Ever get that feeling as you lie awake in the middle of the night? Your mind starts racing and you can't fall back asleep. Questions and scenarios fly by as you toss and turn: What has to get done the next day; did that customer get billed; who will be where; does the crew have everything they need? You eventually drift back to sleep, but you're up again at 5 a.m., only to resume the same exhausting process. It's like the movie Groundhog Day, and you're the main character, doomed to repeat the scene again and again.

As your business grows, the challenges become more frequent and perhaps more serious. Add to this the likely fact that you're proud of what you do, and you want to do right for your customers.

I experienced these same feelings as I grew my own business. After many sleepless nights, a life-saving light bulb went off in my head. I realized that I lacked the necessary information to identify what I really needed solutions for. More times than not, my time, energy, and emotions were being consumed by the wrong and even imaginary challenges.

Now for the million-dollar question: Are you losing sleep because you're creating what-if solutions for what-if problems, or because you know the problems are real?

NEED TO KNOW To address these challenges at my business, I devised a simple theme: measurements. By knowing what I needed to measure, and how to measure those things, I could pinpoint the status of any activity within my business. As time passed, I refined this ability. I also learned to separate the key indicators that I really needed from the mountains of possible information I could collect.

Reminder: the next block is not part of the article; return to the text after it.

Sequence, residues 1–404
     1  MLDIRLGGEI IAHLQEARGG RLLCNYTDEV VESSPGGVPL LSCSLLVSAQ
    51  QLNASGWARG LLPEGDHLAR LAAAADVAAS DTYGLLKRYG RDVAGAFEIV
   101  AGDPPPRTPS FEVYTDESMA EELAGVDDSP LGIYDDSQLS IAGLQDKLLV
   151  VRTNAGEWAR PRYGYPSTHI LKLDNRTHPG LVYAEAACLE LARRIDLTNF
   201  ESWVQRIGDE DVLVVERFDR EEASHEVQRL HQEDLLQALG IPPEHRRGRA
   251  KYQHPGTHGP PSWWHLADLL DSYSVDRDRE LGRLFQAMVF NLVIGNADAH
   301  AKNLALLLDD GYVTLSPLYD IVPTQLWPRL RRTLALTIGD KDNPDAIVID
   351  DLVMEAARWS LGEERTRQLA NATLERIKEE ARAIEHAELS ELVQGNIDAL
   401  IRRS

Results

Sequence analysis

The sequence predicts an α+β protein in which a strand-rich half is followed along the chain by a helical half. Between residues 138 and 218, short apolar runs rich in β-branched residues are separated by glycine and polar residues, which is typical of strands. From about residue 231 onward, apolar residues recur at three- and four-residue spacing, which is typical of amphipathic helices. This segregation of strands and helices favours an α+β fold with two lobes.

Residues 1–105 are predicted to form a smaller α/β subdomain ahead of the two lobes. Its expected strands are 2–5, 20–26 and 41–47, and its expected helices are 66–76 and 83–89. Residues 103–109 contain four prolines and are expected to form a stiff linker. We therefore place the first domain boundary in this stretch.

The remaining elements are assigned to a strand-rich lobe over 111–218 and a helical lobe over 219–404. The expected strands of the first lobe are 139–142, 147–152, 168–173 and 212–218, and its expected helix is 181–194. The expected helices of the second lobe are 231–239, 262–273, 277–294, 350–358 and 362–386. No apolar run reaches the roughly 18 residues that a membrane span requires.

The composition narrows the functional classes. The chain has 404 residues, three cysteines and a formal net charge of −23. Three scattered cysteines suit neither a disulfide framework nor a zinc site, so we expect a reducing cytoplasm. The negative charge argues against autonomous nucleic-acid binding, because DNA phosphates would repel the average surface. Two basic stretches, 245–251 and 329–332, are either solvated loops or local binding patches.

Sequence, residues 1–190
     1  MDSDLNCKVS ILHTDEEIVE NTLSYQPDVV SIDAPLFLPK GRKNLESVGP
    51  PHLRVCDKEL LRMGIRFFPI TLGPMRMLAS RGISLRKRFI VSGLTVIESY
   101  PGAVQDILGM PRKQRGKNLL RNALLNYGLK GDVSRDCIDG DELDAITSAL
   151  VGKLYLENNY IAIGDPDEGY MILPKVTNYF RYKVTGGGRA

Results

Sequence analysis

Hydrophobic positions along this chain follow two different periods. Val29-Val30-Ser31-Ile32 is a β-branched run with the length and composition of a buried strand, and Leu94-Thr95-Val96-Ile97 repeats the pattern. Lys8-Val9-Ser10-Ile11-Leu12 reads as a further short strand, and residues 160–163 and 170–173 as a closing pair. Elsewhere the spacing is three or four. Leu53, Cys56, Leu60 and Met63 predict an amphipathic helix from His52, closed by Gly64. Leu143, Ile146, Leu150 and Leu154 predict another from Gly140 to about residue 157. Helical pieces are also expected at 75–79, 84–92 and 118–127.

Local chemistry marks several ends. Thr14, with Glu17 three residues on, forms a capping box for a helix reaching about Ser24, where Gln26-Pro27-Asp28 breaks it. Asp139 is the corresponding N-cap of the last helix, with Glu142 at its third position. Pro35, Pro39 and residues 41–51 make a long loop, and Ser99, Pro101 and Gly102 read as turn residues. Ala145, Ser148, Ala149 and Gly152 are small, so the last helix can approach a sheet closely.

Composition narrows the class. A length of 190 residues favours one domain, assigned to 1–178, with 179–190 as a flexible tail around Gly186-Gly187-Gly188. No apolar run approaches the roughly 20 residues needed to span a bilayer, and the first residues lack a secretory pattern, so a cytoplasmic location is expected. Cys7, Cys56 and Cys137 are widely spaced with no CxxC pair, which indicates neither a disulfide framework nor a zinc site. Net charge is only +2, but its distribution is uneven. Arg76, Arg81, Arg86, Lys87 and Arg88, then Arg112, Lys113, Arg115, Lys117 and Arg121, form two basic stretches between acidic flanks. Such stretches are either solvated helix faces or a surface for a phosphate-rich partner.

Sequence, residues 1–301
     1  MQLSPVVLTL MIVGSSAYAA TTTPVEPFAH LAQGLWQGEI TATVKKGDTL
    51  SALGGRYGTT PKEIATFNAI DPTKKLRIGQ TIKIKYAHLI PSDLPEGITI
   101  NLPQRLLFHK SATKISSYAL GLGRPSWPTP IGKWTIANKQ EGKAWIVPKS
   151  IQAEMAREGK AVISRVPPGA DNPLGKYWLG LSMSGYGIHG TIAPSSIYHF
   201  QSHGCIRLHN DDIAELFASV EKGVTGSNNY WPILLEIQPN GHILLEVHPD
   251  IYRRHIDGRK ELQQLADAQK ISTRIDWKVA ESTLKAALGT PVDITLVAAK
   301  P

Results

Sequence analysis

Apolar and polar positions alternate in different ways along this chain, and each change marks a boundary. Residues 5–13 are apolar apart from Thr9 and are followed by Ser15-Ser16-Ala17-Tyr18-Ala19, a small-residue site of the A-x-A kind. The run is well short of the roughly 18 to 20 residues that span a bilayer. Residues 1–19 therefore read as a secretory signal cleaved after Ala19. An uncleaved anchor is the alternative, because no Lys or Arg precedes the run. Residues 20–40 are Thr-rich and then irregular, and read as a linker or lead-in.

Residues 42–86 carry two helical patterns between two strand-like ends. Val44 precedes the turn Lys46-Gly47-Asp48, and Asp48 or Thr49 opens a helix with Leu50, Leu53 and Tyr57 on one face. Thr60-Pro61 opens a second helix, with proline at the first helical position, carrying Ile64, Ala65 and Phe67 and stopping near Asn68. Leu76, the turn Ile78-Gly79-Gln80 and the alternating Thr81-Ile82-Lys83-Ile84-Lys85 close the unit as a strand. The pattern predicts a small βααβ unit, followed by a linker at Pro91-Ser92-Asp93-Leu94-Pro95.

Here are my suggestions for how you can apply this thinking to your business.

First, list what you will measure: the things you typically need to know and/or those that keep you up at night.

Second, identify your units of measurement: what you need to know about each item in order to establish its current status, as well as when and if it will be completed.

Third, decide how you will collect these units. If you have any intention of increasing your actual sleeping time each night, think beyond yourself. Who else on your team has this information or can be trained to collect it? I also suggest you arrange things so these facts come to you routinely, without your having to ask. They should be at your fingertips at the end of each day.

SPECULATIVE WORRYING Let's say it's Monday. Your lead carpenter is overseeing two projects. Here's what you need to know: Will the plumber and electrician be able to start one project on Thursday, as scheduled? Will there be enough money in the bank to cover payroll on Friday?

Here's what you need to know about these things: On the one project, will the framing and framing inspection be completed on Wednesday? That's essential for the plumber and electrician to start Thursday. On the other project, will the interior trim work and plaster be ready for painting by Wednesday? A significant progress payment is due at that “ready by” benchmark. You need to deposit the check that day, giving it time to clear and meet payroll on Friday.

Here's how you'll collect the information: At your Monday morning production meeting, you'll specify what you need to know from your lead carpenter and when. He'll agree to call the office at 3:30 each day to provide a current status on both items, and to confirm, or not, their completion by Wednesday. In addition, you'll tell your bookkeeper that the progress payment check must be deposited by 4 p.m. on Wednesday and why. She'll agree to give you the deposit receipt before she goes home that day.

This scenario cuts it pretty close; ideally, your company doesn't operate on such a tight financial schedule. But wouldn't you rather go to bed at night knowing you're in trouble, instead of wondering if you are? You might still wake up with lots on your mind, but you'll get back to sleep sooner if you're focused on actionable solutions for real challenges. — Shawn McCadden is a nationally known writer, speaker, trainer, and award-winning remodeler and home builder. He sold his Arlington, Mass.-based employee-managed design/build remodeling business in 2004; shawnm@charter.net.